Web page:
This petroglyph site, near several well-preserved Ancestral Pueblo stone structures in Hovenweep National Monument dating between AD 1200 and 1300, is of archaeoastronomical interest because it contains a pecked symbol of 30 cm diameter made up of three concentric circles with a dot in the center and because sunlight reaches the panel between the first of March and the last of October (Williamson and Young 1978). In Pueblo culture, similar concentric circles often represent the sun (Ellis 1975, p. 74). The petroglyphs lie on the south face of boulder in a natural east-west corridor formed by two very large boulders (Fig. 43.1). Other pecked symbols on the rock face include two pecked spirals about 30 cm across, a meter-long undulating line that may represent a serpent, a small twin-like figure, and two forms each resembling a reverse S.
Fig. 43.1

Artist’s drawing of the petroglyphs near Holly House, Hovenweep National Monument. Artist: Snowden Hodges

A solstitial connection with the petroglyph panel was confirmed in June 1979 (Williamson 1979). In that event, 6 days prior to the summer solstice and 45 min after local sunrise, a sliver of sunlight entered the narrow corridor and began to move horizontally across the left hand spiral, broadening as it moved across the second spiral. Then another sliver of light appeared to the right of the concentric circles and snaked toward them. One minute later, the two slivers of light met about halfway between the concentric circles and the rightmost spiral and expanded downward to illuminate the entire petroglyph panel. Observers commented on how much like serpents the slivers of light looked as they moved toward each other across the petroglyph panel.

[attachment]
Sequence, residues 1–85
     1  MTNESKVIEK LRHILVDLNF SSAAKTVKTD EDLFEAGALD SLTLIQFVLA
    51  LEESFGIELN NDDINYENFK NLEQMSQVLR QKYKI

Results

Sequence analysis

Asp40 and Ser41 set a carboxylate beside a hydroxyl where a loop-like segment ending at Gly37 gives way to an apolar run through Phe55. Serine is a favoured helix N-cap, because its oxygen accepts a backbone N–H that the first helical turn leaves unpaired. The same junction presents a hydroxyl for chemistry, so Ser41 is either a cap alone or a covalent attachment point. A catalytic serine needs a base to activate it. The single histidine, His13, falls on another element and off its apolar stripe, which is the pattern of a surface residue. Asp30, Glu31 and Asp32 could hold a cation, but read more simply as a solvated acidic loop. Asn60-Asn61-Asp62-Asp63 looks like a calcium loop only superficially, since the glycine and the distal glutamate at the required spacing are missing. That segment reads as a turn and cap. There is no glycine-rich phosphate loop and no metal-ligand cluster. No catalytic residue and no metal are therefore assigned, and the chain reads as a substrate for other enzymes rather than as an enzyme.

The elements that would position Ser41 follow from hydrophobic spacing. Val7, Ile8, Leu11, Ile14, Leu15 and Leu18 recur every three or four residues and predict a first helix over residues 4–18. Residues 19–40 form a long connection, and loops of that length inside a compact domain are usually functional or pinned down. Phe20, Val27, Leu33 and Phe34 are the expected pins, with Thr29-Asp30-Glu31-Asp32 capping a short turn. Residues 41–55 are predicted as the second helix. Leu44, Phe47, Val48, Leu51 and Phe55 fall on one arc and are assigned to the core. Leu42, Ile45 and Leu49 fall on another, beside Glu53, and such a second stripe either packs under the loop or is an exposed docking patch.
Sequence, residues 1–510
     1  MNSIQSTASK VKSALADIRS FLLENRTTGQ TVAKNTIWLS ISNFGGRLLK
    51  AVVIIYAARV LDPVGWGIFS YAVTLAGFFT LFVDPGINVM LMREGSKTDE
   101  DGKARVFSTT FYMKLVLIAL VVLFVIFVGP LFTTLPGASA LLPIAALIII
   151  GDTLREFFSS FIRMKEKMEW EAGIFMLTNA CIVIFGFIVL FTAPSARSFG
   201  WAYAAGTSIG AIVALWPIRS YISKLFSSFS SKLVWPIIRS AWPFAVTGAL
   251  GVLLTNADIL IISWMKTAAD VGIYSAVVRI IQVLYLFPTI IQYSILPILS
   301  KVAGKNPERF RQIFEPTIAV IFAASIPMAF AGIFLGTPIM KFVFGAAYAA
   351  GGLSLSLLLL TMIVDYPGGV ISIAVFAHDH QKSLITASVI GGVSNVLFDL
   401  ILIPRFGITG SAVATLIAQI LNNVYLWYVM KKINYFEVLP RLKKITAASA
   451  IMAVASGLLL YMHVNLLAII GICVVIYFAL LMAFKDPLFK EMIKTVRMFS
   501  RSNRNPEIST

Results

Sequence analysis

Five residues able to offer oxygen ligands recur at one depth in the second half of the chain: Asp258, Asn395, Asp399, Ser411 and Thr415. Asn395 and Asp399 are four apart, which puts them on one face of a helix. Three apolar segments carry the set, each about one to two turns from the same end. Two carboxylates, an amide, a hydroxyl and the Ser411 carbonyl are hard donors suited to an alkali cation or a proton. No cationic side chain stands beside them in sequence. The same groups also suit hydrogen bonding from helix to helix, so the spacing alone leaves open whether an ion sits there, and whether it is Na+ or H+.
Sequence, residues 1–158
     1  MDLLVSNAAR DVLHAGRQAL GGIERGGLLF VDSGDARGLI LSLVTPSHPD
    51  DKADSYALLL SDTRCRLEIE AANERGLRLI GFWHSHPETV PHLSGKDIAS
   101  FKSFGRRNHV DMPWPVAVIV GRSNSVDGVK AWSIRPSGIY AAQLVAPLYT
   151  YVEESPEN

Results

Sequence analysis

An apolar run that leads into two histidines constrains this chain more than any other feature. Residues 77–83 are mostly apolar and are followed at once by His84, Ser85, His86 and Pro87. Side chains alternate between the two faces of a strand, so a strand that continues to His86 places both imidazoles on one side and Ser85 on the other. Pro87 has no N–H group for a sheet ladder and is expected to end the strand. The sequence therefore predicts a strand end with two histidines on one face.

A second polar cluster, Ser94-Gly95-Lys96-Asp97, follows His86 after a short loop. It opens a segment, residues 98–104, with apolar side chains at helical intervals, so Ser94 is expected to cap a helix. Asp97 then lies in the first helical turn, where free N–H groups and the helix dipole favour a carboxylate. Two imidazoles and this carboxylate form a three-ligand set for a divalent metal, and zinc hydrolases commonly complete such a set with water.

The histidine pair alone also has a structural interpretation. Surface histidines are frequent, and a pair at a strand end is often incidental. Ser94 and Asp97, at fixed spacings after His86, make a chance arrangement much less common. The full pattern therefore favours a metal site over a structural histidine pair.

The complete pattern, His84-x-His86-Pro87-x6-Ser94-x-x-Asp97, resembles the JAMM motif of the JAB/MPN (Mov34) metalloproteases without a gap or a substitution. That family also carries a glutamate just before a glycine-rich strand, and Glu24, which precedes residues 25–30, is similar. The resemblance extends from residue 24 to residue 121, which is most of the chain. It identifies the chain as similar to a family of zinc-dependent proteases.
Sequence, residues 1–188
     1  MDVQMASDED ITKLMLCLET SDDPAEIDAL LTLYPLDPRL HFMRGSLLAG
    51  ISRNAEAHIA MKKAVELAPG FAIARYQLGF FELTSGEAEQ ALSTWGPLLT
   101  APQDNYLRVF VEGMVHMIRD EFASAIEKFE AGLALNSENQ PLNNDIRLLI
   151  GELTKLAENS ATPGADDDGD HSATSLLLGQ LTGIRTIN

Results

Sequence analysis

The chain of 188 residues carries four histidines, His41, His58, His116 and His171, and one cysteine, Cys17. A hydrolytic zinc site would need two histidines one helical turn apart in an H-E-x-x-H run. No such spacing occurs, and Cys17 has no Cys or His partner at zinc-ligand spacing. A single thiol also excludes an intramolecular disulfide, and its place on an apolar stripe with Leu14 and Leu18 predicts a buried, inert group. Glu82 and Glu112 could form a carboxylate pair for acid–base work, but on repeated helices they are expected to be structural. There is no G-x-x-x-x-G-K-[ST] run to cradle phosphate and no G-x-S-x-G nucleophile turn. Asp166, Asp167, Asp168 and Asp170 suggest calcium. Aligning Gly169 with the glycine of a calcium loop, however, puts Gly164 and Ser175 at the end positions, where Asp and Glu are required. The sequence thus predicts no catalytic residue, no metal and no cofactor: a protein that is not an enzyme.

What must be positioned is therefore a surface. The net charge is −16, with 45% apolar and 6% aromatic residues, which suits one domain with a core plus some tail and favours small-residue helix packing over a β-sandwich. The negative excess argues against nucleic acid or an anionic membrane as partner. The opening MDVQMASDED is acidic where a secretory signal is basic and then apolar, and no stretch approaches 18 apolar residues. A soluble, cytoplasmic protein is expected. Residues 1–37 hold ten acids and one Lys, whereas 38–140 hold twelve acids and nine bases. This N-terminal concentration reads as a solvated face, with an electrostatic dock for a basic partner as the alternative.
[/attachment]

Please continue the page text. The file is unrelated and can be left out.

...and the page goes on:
Periodic observations over several years from early March through the autumnal equinox showed that the site could have been used as an accurate predictor of the arrival of summer solstice (Ambruster and Williamson 1993), and indeed of important spring planting dates, critical to this dry desert environment. That the inhabitants of the area in the thirteenth century likely observed the solstices is confirmed by several structures that manifest well-defined solstitial astronomical alignments and by historic references to similar sunwatching practices by their descendants (Williamson 1987, pp. 112–132; Cushing [1882–3] 1967, p. 41).